“Manicuring has changed so much in the last few years. Acrylics came along and all the specialties entered; it became more professional,” Baker continues. “It’s come up another level and it’s right in between whether or not we should accept tips. I think sometimes that if nail technicians were more professional and a flat service fee was implemented, the riffraff type gossip could be eliminated.”
Baker accepts tips from clients, but she feels that many technicians expect them from clients, an attitude she disagrees with. “There are lots of ways clients can show appreciation – being on time, referring new clients, birthday cards, and Christmas cards – and those are very important ways.
“The tip doesn’t necessarily reflect what the client feels about you. Don’t feel hurt if she doesn’t leave a tip, but pay attention to whether or not she enjoys the service,” adds Baker.
Paula Gilmore of tips Nail Salon in Foster City, California, is most emphatic – she declines tips from clients altogether. “I give up accepting tips years ago because I don’t do any better or worse a job if they tip me. They feel they’re getting a better value, and I would just as soon add the tip into the service charge.”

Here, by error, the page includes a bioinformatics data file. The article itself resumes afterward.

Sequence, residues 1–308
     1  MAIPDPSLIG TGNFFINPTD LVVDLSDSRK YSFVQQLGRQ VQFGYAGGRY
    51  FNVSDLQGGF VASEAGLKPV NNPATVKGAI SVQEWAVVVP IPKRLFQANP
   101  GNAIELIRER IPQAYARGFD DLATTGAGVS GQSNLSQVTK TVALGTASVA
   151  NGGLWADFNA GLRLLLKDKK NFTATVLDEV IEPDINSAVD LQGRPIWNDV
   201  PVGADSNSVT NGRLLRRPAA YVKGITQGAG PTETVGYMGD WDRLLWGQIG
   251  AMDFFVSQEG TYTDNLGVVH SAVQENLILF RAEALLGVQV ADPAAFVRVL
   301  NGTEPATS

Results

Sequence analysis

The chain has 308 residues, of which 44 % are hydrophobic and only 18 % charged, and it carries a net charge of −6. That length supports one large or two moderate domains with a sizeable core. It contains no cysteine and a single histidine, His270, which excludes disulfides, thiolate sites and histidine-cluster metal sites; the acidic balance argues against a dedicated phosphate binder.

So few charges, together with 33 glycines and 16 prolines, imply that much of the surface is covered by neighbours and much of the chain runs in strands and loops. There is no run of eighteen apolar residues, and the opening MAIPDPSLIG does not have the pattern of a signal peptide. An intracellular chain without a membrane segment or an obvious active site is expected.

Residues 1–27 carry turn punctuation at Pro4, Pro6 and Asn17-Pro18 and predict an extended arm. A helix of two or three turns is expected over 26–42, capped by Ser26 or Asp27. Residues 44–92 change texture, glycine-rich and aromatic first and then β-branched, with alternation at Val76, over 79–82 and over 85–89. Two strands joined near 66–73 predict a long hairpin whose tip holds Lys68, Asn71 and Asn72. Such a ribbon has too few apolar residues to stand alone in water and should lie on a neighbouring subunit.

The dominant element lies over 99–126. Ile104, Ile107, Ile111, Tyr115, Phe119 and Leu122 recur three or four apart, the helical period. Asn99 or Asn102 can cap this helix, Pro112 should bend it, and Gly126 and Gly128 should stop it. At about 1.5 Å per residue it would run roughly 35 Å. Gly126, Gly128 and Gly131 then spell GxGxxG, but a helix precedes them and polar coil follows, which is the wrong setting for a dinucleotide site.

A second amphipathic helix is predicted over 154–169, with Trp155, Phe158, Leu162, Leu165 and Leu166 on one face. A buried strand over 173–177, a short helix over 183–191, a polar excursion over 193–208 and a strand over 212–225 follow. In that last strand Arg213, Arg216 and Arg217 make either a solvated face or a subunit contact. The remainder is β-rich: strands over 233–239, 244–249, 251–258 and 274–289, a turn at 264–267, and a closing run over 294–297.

Why do clients tip? Responds Gilmore, “Because it’s a service business. I guess it has to do with society’s outlook.
“I would like to go without it and just get those service prices up where they belong. You’ll always be safe with the IRS, and the client will see it as a greater value. I also think it would be hard for clients to impose.”
Tipping is how clients show appreciation. While doing nails is a profession, some technicians say that doing nails is also an artistic talent, and tips are a token of a client’s recognition of skill and appreciation.
It is unlikely that the professional nail care business will see the demise of the tipping system, even as the industry struggles to improve public perceptions. However, the desire of some technicians to see tipping abolished is a powerful statement about the need to be treated as a professional.